Greenhouse gas emissions from the coal stations increased by more than 90 per cent from 1995 to 2005, according to a report from the Ontario Clean Air Alliance, a coalition of environment, energy, consumer and health organizations.
They now account for 40 per cent of the province's emissions of carbon dioxide the main greenhouse gas from industrial sources.
The stations continue to contribute a large proportion of many other air pollutants, including those that create smog, as well as large quantities of ash that contains mercury, arsenic and other toxic metals.
"The amount of pollution created by Ontario Power Generation's... plants is staggering. For many pollutants (they) tower above thousands of other facilities in the province," the report says. And, it argues, attempts to combat one type of pollution almost invariably lead to increases in others.
The report, "OPG: Ontario's Pollution Giant," was compiled using 2005 figures from the federal government's National Pollutants Release Inventory and its Greenhouse Gas Emissions Reporting Program, which track major industrial sources.
Its calculations show that, when it comes to air pollution, the coal-fuelled stations also account for:
- 22 per cent of Ontario's emissions that create smog and acid rain. Those pollutants include tiny particles, nitrogen oxides and sulphur dioxide.
- 24 per cent of emissions of the chemicals classified as toxic under the Canadian Environmental Protection Act. Many of these chemicals are believed to interfere with human reproduction and development. That includes 36 per cent of the mercury, which can damage the nervous system in humans.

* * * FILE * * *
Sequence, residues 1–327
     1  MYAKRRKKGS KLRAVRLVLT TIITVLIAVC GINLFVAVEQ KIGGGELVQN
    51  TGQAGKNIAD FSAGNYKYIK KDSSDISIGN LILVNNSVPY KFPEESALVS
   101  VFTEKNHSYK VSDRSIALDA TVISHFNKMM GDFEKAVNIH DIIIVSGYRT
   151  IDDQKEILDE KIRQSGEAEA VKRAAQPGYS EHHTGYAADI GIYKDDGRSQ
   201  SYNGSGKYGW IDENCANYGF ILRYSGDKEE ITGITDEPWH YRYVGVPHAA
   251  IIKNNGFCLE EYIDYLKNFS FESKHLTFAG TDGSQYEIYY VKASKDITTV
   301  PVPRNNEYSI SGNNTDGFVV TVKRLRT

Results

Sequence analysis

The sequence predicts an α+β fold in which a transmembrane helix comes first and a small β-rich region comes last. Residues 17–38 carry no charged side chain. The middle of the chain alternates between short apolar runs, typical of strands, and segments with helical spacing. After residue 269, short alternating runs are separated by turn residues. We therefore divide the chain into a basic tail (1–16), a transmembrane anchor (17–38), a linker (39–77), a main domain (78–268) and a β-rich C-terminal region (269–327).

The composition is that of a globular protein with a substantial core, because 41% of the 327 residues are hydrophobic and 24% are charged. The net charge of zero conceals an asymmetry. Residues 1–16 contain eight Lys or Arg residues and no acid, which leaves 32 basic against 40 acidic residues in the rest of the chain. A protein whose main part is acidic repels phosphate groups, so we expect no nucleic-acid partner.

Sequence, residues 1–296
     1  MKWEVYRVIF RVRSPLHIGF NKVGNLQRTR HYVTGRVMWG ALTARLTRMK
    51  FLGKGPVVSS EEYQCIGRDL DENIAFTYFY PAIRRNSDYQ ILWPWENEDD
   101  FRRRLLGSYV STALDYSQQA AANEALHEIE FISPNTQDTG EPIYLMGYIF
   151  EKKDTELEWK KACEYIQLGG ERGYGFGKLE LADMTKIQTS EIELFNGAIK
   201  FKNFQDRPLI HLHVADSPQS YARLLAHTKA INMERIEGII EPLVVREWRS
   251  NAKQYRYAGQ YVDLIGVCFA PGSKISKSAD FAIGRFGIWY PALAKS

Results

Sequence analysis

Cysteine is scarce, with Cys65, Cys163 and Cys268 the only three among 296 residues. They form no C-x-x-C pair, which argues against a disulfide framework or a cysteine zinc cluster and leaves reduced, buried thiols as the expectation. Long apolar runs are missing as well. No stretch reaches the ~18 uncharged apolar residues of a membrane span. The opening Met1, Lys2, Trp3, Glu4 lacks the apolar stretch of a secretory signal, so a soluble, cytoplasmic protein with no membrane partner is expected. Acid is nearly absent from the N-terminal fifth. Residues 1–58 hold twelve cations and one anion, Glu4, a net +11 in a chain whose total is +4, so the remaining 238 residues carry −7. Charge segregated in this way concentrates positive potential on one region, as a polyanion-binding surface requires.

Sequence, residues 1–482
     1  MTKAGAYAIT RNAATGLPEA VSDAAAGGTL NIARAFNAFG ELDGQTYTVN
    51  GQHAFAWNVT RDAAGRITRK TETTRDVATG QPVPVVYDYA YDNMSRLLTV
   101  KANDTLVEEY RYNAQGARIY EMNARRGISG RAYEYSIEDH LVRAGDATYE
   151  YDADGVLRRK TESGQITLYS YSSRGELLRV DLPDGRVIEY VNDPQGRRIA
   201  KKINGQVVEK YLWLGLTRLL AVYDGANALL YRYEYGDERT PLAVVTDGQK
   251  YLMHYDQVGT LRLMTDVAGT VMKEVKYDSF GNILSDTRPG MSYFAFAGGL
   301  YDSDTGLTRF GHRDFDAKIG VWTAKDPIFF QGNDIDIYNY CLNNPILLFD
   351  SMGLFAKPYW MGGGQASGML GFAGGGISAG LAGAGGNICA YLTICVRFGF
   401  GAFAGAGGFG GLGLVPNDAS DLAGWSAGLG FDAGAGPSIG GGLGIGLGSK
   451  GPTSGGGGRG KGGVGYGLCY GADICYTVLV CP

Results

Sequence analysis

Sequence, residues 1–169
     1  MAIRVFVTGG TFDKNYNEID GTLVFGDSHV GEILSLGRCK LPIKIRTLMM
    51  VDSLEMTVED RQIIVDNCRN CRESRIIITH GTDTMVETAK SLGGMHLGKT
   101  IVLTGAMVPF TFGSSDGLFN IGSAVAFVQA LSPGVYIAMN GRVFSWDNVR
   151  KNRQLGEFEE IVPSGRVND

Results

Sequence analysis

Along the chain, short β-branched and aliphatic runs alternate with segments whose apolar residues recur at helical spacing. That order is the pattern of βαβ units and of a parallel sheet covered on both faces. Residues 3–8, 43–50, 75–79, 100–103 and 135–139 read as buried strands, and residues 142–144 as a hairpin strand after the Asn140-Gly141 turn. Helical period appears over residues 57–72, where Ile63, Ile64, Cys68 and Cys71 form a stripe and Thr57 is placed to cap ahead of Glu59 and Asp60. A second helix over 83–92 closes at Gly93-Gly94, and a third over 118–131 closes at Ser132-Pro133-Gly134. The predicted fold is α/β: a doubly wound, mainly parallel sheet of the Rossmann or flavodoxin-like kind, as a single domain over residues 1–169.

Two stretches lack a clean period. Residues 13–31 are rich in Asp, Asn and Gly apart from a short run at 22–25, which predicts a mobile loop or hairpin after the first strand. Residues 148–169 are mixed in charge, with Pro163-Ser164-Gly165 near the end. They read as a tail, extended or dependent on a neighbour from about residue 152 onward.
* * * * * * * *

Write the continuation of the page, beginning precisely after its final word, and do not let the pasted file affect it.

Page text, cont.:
As well, the coal stations produce about 3.4 million kilograms of toxic wastes contained in ash that's either landfilled on site or shipped elsewhere mainly to kilns used to make cement at Bath and St. Mary's, Ont., and in Michigan, where it is burned as a fuel.
The alliance doesn't know whether these solid wastes pose a health threat, but there are concerns, particularly with kiln emissions, said alliance chair Jack Gibbons. "Kilns are significant sources of mercury."
Once again, in 2005, OPG's Nanticoke generating station, on the north shore of Lake Erie, was the province's biggest single source of carbon dioxide, particulates, nitrogen oxides and mercury. Nanticoke was second as a source of sulphur dioxide.
OPG operated five coal-fuelled stations until April 2005 when Lakeview, in southern Mississauga, was closed. The others are near Sarnia and in the Northern Ontario communities of Thunder Bay and Atikokan.
OPG spokesperson John Earl said the agency will continue to run the stations as efficiently as possible, and according to regulatory guidelines.